And all of this might not even save newspapers, even while the damage to journalism would be intolerable. And I like journalism more.

1 Mom’s requirement. I have the distinction of being the only person I know that knew how to read the financial papers, operate several kinds of firearms, hide illegal drugs on my person, relate and analyze good portions of Greek mythology, and identify and sabotage a distributor cap by around age 10. My parents were never, ever boring.

2 GV is pure and simple, simpler than most, a blog aggregator. When it studied its readership, it found that a very high number of people reading were journalists, and most of them admitted they’d gotten stories from GV and written about them in ‘legitimate’ news outlets. One of those journalists was me. Thanks, Global Voices! Please don’t sue me for the thing you kind of wanted me to do! Oh this has gotten so confusing.

1000 Ledes n + 8: Citizen of Two Countries

In the contest of human despair, 15 year old “Amjad” of Beach Camp in the Gaza strip could certainly hold his own. Most of his family is lost in violent conflict, or ill and barely able to care for themselves. He is scared everyday that he will die. He has little prospects of education, and even if he did, there little chance he could get a job afterwards.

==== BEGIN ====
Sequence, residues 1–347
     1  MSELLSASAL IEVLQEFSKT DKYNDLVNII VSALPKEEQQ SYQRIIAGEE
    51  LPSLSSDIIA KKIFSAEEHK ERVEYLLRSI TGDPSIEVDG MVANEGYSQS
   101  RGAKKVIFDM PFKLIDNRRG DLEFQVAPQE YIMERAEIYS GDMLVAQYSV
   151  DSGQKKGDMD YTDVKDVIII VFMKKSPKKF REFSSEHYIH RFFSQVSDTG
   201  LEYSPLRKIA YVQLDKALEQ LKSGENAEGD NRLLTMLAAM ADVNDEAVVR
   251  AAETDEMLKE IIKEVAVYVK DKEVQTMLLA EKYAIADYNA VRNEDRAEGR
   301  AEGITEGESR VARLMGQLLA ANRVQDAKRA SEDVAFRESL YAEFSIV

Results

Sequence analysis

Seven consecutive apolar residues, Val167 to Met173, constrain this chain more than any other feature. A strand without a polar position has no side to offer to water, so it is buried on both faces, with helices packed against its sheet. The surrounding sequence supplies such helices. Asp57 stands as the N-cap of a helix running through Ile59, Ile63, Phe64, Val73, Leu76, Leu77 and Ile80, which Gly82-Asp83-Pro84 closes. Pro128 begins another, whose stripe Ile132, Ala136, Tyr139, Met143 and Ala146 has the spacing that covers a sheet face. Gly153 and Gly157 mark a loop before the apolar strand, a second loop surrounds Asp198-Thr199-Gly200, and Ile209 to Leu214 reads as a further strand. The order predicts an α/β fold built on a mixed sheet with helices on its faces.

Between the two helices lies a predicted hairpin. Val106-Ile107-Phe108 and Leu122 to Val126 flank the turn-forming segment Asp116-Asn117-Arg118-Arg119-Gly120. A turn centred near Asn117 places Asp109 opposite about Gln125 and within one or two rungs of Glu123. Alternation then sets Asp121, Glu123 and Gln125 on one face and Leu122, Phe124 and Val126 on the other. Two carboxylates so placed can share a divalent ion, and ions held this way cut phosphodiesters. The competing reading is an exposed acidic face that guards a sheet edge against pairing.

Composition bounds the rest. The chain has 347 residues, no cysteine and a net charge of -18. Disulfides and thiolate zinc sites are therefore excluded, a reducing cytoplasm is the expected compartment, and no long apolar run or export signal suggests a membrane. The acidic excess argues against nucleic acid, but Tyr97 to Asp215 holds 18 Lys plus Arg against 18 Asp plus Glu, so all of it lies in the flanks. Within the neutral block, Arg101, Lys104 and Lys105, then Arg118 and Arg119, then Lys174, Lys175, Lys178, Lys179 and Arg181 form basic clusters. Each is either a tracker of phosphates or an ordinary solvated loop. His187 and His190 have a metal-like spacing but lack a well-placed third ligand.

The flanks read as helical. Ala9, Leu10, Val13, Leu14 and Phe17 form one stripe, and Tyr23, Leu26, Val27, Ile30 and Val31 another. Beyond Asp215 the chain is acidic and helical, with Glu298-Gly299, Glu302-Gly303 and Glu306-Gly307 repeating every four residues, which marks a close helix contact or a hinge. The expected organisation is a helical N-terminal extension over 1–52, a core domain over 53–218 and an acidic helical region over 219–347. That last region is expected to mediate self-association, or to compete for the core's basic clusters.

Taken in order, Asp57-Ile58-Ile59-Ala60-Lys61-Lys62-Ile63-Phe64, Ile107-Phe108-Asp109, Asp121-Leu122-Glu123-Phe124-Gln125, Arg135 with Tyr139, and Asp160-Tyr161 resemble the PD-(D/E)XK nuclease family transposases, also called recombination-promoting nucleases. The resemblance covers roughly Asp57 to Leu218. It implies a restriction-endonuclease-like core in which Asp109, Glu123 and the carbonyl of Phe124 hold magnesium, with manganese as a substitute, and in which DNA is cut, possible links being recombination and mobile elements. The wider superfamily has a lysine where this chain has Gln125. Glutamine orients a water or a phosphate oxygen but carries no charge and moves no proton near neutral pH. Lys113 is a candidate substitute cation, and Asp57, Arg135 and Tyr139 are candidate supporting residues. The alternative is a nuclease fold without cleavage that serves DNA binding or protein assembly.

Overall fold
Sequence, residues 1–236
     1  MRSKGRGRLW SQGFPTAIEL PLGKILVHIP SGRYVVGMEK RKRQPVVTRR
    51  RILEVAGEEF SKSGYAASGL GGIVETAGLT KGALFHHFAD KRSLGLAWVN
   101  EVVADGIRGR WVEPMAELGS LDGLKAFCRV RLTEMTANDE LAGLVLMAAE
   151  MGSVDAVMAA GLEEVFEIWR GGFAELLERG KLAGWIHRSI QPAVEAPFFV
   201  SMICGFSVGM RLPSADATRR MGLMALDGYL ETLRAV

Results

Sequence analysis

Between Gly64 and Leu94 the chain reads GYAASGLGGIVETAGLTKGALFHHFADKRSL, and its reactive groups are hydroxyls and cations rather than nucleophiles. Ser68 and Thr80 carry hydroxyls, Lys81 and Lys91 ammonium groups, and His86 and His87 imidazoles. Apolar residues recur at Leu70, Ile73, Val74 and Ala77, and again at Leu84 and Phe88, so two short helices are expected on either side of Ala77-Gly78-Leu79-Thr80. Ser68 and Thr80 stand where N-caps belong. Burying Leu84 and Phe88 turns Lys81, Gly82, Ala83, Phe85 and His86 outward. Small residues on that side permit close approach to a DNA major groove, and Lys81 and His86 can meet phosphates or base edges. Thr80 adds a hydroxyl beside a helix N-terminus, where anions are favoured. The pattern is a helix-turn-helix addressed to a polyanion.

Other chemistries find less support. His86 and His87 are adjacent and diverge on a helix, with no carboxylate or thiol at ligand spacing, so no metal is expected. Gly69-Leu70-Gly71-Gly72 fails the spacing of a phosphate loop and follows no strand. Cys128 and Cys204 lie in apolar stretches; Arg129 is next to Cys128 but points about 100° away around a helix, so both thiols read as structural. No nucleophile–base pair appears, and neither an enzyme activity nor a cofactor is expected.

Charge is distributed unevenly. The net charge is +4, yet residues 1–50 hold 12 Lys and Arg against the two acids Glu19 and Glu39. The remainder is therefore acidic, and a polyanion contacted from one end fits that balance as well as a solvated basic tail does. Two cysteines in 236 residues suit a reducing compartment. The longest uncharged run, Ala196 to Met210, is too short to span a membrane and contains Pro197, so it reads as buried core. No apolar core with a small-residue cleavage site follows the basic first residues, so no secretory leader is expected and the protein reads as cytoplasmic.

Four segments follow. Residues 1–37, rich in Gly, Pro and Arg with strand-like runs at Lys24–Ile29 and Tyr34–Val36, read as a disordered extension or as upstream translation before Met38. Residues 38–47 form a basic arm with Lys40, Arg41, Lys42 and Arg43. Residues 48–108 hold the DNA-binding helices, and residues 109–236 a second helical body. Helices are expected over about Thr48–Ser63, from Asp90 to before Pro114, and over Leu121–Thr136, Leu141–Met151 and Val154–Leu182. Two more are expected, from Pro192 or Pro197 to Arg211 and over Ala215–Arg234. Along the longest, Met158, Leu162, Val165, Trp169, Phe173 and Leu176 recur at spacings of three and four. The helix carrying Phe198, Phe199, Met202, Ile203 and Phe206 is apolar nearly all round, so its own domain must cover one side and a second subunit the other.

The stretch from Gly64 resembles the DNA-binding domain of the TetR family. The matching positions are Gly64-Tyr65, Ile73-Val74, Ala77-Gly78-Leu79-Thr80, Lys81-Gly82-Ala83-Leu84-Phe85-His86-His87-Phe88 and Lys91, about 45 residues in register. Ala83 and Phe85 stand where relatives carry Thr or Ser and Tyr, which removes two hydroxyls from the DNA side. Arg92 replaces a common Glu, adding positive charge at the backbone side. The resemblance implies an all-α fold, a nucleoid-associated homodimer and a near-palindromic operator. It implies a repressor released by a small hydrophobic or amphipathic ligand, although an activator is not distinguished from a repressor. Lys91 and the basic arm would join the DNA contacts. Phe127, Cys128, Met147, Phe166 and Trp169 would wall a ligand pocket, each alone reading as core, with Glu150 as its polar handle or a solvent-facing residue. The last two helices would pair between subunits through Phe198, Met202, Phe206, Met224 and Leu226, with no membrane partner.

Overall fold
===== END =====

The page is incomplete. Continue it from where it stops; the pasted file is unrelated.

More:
But one thing can make him forget all of it, can give him a purpose and a focus that transcends the world of terror and squalor he have lived all his life in: the need to score his next hit of heroin.

1000 Ledes n + 6: Lurid Biology

Apotosis it a violent death, a cell tearing itself apart from within. It is the original eukaryotic harakiri, a particularly appallingĀ  suicide in which a cell dies by pulling apart its cytoskeleton from within. The cell then “blebs” out misshapen bits which fall off until the thing has all but dissolved.

It is interesting to note that, whatever human values and morals may prevail at any given moment, post-Cambrian Nature is a big believer is the individual’s willing and self-inflicted death for the greater good.